Abdullah Alamin

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Abdullah Alamin
Aug 01, 2022
In Authors Forum
Doing your job well, your reports will make that clear to your stakeholder, usually in two ways: Things are going well and the report explains why. The campaign has hit a tough spot, and the report explains the underlying reasons and suggests clear next steps. I prefer to hear the first story, but both can inspire confidence and help you in your career. Unfortunately, it's all too easy to carelessly add the wrong visual to a report, making an unintended point and undermining your client's trust in you. A chart or graph always looks better than a boring chart, but if you display the wrong kind of chart, you may actually be fax number list making a point that you didn't intend. If you're lucky, present the report in person, and are quick, you might be able to fix the problem before it turns into more work. But if you're not so lucky, entire projects can be hijacked by a visual that takes the client down an unintended path. Now let me show you how the exact same data can be presented to make two entirely different points. Consider these two visuals with device-level data for the same account and date range: pie charts The pie charts above show that relatively little ad spend goes to tablets, and since the slice of the blue pie for value is larger than that for cost, this subtly indicates that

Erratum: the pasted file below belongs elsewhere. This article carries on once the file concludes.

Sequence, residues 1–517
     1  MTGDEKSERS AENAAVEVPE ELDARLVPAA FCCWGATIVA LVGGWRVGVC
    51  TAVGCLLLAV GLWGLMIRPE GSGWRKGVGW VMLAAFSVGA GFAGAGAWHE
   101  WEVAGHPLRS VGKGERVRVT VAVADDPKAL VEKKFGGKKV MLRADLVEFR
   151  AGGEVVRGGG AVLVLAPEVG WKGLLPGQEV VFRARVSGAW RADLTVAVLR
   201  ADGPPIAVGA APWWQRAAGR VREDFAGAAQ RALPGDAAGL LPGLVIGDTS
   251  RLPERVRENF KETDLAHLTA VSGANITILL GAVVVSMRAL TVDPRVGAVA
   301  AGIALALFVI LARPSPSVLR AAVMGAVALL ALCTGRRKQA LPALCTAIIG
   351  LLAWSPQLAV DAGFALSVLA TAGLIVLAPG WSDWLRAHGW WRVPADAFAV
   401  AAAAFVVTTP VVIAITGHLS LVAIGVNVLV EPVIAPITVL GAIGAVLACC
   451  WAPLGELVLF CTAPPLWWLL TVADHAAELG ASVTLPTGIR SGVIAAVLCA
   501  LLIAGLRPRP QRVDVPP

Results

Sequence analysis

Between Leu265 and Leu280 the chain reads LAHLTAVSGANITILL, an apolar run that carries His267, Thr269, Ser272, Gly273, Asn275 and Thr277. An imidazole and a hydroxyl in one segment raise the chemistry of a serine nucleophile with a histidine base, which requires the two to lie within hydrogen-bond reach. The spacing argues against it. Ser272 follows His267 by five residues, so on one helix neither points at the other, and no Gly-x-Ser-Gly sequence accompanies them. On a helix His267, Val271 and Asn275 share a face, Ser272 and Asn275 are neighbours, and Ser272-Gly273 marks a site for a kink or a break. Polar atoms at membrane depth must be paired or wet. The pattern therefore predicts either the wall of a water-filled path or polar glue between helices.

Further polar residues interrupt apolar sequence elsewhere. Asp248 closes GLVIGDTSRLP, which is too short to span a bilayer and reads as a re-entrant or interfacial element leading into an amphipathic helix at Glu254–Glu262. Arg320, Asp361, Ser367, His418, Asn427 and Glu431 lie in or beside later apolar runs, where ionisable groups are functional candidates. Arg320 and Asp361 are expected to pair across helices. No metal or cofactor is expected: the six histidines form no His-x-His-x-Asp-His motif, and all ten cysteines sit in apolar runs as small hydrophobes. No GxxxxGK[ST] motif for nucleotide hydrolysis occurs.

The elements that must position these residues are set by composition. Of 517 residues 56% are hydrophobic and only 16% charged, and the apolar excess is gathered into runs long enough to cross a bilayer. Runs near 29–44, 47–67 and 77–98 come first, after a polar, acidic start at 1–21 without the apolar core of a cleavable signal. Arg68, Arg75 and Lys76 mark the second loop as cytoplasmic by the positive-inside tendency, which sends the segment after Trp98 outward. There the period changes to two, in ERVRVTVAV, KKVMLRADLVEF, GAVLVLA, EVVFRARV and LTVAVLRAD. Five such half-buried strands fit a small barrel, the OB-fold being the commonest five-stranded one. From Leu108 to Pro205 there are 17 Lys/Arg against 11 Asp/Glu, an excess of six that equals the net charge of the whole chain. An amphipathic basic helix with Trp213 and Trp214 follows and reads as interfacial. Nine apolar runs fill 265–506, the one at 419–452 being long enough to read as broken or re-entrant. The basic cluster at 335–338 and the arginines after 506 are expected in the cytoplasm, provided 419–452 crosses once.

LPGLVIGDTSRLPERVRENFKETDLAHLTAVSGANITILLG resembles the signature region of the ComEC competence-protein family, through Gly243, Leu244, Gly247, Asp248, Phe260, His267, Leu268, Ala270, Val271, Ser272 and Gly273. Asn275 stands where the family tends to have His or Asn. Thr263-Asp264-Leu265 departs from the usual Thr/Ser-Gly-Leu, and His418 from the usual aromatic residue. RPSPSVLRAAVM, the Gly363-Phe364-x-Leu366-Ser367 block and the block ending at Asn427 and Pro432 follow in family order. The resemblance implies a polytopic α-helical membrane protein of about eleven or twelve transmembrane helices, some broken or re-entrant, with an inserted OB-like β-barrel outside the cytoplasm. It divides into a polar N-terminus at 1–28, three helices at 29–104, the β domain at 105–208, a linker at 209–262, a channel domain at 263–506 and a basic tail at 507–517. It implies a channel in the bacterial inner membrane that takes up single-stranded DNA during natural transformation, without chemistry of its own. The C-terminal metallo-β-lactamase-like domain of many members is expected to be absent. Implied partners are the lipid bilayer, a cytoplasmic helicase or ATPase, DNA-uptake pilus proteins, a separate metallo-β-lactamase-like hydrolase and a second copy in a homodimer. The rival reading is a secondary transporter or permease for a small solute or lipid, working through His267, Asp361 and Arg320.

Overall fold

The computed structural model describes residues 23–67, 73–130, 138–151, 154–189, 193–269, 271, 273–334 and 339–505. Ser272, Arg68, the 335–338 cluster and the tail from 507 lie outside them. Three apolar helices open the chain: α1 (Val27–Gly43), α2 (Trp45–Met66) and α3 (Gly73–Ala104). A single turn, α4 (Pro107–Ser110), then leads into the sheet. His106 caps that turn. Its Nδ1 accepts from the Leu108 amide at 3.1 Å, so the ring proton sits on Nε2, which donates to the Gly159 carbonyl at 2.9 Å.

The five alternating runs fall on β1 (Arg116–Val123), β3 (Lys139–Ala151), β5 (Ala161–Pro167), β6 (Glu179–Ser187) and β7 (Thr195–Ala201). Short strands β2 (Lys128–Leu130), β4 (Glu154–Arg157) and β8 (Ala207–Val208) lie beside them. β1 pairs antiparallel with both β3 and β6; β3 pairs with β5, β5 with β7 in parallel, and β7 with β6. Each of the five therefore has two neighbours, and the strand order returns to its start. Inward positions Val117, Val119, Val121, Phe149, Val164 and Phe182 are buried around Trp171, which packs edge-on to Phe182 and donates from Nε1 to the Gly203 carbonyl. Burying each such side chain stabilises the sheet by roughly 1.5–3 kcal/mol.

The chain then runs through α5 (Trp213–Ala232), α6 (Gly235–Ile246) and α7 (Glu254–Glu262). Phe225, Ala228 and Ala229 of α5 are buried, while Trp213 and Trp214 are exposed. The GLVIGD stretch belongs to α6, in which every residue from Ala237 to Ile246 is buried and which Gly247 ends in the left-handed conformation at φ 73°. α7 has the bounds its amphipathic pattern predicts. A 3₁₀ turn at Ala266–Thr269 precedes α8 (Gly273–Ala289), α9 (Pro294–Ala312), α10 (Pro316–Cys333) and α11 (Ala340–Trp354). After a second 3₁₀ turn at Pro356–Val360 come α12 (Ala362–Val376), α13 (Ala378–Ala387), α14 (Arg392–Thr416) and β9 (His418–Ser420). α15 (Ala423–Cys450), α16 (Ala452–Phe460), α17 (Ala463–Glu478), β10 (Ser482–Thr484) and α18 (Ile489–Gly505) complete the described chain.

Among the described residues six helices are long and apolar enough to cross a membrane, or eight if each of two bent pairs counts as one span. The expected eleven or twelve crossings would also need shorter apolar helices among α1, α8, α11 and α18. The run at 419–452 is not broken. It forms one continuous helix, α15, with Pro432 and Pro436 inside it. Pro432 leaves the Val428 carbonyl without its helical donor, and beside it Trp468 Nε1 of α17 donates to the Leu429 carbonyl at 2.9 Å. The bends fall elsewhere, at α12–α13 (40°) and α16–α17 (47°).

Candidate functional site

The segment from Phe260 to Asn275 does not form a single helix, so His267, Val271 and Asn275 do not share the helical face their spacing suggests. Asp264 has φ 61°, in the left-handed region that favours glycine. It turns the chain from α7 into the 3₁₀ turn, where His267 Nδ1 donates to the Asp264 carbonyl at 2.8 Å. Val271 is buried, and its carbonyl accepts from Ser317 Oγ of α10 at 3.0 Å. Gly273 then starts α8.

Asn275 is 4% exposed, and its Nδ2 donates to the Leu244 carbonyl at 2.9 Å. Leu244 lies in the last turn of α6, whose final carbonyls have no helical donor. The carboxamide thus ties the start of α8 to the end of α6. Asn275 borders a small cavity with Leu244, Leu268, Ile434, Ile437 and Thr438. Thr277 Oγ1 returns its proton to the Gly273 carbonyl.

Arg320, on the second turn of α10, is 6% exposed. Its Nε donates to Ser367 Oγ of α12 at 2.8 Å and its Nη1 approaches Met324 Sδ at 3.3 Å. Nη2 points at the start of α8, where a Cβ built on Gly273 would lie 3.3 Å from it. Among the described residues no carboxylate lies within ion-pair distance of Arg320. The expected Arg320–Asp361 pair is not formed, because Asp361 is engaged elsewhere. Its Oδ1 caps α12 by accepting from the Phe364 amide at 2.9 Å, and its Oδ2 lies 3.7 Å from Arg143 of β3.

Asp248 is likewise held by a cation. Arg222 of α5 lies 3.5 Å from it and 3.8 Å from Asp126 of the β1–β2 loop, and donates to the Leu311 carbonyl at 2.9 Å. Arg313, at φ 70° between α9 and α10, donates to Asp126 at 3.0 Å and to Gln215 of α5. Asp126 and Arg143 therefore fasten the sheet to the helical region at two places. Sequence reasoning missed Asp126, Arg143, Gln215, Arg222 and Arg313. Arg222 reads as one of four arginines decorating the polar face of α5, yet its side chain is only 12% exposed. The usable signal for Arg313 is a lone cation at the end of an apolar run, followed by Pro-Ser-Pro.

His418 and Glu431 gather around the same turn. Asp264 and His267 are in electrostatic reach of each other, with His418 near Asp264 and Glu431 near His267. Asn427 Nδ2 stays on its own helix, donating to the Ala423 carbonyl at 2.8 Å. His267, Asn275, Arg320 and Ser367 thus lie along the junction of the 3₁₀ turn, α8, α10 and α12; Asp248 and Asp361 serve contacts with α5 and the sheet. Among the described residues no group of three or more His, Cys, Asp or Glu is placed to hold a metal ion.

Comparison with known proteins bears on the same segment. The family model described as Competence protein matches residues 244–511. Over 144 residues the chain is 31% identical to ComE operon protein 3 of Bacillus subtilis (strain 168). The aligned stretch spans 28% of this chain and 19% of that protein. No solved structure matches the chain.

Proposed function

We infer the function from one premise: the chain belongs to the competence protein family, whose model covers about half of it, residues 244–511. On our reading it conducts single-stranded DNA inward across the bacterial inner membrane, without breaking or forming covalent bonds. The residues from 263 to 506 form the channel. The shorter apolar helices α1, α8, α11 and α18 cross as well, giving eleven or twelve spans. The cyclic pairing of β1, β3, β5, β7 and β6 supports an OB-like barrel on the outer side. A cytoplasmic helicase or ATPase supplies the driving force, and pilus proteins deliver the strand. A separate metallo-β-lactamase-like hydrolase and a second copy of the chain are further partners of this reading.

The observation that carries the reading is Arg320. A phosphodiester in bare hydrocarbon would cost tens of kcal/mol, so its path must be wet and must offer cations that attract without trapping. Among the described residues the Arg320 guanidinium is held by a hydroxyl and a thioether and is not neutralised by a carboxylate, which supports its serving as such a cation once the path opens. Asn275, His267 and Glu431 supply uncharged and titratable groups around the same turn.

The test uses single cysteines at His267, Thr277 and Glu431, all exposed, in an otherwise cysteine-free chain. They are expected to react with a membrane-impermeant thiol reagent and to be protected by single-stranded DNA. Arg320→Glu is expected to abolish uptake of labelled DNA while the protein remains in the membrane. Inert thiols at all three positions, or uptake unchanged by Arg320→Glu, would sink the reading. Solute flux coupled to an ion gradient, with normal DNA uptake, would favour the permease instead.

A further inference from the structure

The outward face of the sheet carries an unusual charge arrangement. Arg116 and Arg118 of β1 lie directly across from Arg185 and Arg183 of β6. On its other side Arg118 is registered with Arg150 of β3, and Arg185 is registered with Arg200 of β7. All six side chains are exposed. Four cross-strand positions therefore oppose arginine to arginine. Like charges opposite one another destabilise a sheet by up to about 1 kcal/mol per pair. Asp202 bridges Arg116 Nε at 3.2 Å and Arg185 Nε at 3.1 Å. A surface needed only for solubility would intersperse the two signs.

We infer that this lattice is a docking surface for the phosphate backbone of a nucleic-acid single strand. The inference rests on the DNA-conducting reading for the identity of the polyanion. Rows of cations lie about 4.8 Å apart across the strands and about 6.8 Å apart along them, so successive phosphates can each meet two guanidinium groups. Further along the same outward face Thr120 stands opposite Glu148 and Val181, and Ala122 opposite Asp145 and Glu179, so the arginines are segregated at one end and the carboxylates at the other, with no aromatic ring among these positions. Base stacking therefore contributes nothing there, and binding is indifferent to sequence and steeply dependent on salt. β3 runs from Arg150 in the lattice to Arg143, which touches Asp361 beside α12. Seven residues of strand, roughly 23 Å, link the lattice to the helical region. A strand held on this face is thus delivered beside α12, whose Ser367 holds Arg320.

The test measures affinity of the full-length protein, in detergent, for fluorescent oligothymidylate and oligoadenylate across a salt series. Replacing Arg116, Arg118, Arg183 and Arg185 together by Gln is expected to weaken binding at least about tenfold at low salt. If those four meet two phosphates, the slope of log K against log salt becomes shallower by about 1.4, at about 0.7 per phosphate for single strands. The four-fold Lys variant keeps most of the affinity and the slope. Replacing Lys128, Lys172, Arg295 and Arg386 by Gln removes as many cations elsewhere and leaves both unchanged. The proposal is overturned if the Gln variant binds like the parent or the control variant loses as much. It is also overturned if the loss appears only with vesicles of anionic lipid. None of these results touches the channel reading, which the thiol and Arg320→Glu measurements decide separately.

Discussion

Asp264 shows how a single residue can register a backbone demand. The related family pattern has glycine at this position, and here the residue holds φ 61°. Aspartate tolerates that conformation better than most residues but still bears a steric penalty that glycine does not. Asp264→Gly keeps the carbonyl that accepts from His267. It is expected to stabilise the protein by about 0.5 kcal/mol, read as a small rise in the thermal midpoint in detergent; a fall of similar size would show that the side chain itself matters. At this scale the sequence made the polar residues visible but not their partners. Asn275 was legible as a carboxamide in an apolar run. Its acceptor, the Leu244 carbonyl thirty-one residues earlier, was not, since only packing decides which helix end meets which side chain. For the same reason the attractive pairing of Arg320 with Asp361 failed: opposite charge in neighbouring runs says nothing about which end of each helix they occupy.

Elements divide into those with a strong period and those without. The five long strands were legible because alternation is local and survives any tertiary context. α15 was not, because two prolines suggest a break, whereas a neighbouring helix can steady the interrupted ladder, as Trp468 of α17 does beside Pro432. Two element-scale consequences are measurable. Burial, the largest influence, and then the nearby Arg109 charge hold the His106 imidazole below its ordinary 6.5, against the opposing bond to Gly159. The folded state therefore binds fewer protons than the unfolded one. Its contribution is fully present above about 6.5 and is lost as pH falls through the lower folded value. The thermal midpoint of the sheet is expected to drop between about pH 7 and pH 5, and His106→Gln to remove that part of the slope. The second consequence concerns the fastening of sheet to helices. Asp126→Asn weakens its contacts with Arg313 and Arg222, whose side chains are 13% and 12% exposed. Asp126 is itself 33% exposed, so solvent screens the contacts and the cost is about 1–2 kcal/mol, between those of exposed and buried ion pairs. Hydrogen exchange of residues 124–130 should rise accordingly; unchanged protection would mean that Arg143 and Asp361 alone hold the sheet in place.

For example, as demonstrated this week, Google was criticize content media
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